Leaders confirmed the new budget would include the additional funding Hartford Mayor Luke Bronin has requested to keep the city out of bankruptcy.
“I would like to thank everybody in that room who understood what a priority it was,” House Majority Leader Matt Ritter, D-Hartford, said. “Hartford will be on a brighter path when we get this budget passed.”
Aresimowicz downplayed any last-minute adjustments likely to be made to municipal grants.
“There may be a couple formula tweaks, especially for the larger cities to ensure they’re getting they need,” he said. It’s only a couple of million dollars here and there. The majority of municipal funding has been agreed upon.”
It seemed, however, that every city and town would be protected against losing education aid they receive through the state’s primary education grant, the Education Cost Sharing grant, at least for this fiscal year.
“We feld strongly about hold harmless,” Klarides said. The leaders said they were still waiting to see the town-by-town aid figures, but they said the state’s lowest-performating school districts would receive some increases.
Legislative leaders confirmed the new deal does not shift any of the skyrocketing contributions owed to the teachers’ pension onto cities and towns as proposed by the governor, and eases mandates on municipalities.
“We are encouraged that the agreement — which does not include a municipal contribution to the Teachers’ Retirement Fund — will be presented to each legislative caucus,” Connecticut Conference of Municipalities Executive Director Joe DeLong wrote in a statement, adding that the organization still needs to see specifics of the tentative framework.
DeLong also said, “We are pleased that a proposal to assist struggling municipalities in remaining solvent, is included. This is in the best interest of the state. We await greater definition on changes in state aid and mandates relief.”
Leaders would not say whether Republican legislators would accept any new tax or fee increases beyond the two significant revenue proposals in their last partisan plan.
Those were a $334 million-per-year increase in the hospital tax — designed to leverage hundreds of millions of dollars in new federal Medicaid reimbursements — and reductions in an income tax credit for the working poor, which would add about $75 million per year to the state’s coffers. Malloy said the tax is in jeopardy if legislators produce a flawed budget that he vetoes.
Avoiding sales and income tax increases was a goal
Hours before the tentative budget framework was announced, about three-dozen advocates for health care and social services for the poor and disabled confronted Malloy and legislative leaders, urging them to consider hiking income taxes on Connecticut’s wealthiest households to avert cutbacks in these programs.
Advocates walked the halls carrying signs that read “cuts equal death” and “stop killing poor people.”
Some of the state’s most vulnerable citizens “have been at a severe disadvantage” during this budget impasse, Aresimowicz said, “and we’re sorry that it has taken this long. The state has some dire fiscal issues that we’re trying to deal with in the best possible way.”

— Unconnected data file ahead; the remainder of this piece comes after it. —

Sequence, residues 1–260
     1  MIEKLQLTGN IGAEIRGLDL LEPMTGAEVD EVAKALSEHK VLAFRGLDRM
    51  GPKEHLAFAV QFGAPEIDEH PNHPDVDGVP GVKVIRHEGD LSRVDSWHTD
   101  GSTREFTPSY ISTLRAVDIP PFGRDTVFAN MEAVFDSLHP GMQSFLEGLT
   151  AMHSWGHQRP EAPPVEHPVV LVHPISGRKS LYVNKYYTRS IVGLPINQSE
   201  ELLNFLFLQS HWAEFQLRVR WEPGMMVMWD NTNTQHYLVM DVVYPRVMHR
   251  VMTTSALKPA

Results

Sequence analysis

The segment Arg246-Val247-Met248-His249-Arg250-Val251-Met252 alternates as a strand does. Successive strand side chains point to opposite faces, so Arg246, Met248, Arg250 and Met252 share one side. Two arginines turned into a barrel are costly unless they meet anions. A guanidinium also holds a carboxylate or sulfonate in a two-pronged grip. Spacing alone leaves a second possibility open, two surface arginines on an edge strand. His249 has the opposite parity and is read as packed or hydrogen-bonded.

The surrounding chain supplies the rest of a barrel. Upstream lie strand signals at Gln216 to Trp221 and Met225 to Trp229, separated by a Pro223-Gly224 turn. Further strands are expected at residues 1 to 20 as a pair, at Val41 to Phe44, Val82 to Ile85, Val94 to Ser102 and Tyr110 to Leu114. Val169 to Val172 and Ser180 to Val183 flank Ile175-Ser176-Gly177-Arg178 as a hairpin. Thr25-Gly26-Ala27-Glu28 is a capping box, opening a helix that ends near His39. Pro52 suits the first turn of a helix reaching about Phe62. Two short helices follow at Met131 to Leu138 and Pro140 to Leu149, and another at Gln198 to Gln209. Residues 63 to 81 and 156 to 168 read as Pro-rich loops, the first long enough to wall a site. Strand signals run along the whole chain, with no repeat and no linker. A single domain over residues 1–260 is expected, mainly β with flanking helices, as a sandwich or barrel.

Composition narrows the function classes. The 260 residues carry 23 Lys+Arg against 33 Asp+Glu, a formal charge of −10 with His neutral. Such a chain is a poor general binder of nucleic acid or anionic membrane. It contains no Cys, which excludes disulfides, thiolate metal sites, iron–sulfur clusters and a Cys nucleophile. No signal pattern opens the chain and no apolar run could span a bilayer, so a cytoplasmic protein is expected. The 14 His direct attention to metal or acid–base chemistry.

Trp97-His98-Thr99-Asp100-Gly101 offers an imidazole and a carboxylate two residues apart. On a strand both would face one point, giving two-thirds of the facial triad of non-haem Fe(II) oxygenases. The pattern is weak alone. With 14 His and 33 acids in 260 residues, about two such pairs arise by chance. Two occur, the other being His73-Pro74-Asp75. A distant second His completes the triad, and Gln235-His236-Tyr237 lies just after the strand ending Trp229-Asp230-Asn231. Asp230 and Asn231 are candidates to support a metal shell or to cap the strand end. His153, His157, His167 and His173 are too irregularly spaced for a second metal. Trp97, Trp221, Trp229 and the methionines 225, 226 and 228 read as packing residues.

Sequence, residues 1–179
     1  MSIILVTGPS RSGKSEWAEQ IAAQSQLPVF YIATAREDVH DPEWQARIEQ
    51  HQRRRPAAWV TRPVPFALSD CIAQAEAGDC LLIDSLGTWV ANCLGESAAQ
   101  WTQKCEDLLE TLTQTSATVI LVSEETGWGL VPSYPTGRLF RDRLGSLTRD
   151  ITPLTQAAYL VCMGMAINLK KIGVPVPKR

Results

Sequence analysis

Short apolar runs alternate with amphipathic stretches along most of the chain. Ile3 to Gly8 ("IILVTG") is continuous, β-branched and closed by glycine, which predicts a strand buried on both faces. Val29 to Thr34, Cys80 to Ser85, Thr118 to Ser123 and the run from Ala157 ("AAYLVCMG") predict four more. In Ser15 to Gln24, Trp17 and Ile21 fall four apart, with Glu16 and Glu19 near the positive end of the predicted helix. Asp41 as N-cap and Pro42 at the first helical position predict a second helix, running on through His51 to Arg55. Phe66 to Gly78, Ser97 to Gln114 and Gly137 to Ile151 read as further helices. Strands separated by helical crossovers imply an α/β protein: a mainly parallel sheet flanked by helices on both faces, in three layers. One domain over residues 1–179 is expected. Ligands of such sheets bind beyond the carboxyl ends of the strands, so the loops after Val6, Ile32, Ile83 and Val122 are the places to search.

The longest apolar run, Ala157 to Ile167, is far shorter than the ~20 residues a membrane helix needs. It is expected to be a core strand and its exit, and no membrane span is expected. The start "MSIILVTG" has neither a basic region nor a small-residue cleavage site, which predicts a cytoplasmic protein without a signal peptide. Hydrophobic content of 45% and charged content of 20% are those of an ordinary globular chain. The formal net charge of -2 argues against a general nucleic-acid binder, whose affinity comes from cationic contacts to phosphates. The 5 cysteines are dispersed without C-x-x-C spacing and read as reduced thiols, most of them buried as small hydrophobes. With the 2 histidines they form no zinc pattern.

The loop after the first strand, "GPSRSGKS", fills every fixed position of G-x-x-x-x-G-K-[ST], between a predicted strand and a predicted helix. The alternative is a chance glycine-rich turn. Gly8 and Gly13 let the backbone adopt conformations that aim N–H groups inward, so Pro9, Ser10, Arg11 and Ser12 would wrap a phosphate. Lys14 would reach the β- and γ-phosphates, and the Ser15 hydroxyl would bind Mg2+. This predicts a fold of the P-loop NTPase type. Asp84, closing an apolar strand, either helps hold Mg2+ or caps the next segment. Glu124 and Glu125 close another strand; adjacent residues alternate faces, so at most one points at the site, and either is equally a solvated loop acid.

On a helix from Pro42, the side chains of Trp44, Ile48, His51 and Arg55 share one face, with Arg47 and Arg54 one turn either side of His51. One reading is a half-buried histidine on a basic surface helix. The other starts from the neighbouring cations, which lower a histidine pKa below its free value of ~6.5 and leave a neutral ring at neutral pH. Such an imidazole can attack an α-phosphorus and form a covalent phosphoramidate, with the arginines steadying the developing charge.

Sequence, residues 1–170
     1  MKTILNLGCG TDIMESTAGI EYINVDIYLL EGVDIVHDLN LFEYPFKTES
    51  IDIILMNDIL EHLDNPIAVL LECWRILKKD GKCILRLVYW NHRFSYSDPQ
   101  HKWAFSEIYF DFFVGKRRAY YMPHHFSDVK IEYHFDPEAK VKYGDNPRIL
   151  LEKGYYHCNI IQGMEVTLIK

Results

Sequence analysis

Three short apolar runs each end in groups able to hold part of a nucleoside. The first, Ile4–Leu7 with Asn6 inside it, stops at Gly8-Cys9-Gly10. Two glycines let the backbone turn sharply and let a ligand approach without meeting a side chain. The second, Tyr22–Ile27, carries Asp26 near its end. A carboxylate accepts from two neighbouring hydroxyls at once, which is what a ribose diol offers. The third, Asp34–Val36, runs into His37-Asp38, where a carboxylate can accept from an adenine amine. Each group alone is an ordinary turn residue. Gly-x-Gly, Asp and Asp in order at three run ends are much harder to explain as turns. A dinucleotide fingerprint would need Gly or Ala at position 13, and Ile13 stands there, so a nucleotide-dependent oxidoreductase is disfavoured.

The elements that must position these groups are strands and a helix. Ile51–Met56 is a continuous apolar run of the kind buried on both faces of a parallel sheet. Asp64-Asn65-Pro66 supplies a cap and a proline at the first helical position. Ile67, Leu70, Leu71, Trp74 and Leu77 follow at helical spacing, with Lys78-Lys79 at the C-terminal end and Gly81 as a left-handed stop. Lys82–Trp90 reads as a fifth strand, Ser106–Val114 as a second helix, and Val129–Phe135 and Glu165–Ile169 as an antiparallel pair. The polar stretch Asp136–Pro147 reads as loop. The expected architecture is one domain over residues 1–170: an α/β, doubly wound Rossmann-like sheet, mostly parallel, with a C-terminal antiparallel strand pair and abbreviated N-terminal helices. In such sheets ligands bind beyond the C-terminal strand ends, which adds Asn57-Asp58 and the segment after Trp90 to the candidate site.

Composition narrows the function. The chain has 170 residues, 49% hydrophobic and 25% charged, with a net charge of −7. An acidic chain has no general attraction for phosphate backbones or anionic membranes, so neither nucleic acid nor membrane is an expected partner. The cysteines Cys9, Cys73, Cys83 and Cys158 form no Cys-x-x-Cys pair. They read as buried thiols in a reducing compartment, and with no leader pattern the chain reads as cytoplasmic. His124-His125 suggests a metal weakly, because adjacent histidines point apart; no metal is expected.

But after major tax increases in 2011 and 2015, legislators from both parties and Malloy resolved to try to close major projected shortfalls in the new budget without increasing income or sales tax rates.
Cutting pension contributions ‘a deal-killer’
Republican leaders tried to push both sides toward a compromise this week when they dropped their hotly contested proposal to cut state employee pension benefits in 2027 and reap big savings now. That would have cut pension contributions by $321 million across this fiscal year and next combined.
“That would be a deal-killer,” Fasano said.
It was unclear, though, whether the budget will order future pension benefit reductions. The leaders said they would not reduce state contributions to the retirement program in the new budget, a major demand of the governor.
Malloy, state employee union leaders and many Democratic legislators have argued the pension proposal would not survive a court challenge.
They say the state cannot unilaterally reduce benefits — even in mid-2027 — that were earned and vested before that time. Most state employees are vested for full pension and other retirement benefits after 10 years of service.
Republican legislative leaders insist the cutbacks are within the state’s authority.
Legislative leaders said they also plan to consult with Malloy before any tentative deal is brought to a vote.
Lawmakers have struggled since February to close major projected deficits. Analysts say finances, unless adjusted, will run $1.6 billion in deficit this fiscal year and $1.9 billion in the red in 2018-19.
Malloy, who has managed state finances by executive order since the fiscal year began July 1, has withheld hundreds of millions of dollars in municipal aid to compensate for surging retirement benefit and other debt costs — which are fixed by contract — and declining income tax receipts.
Trying to break the impasse, legislative leaders have excluded the administration from the negotiations since shortly after Malloy vetoed a GOP-crafted budget that narrowly passed the legislature in mid-September with eight Democratic votes.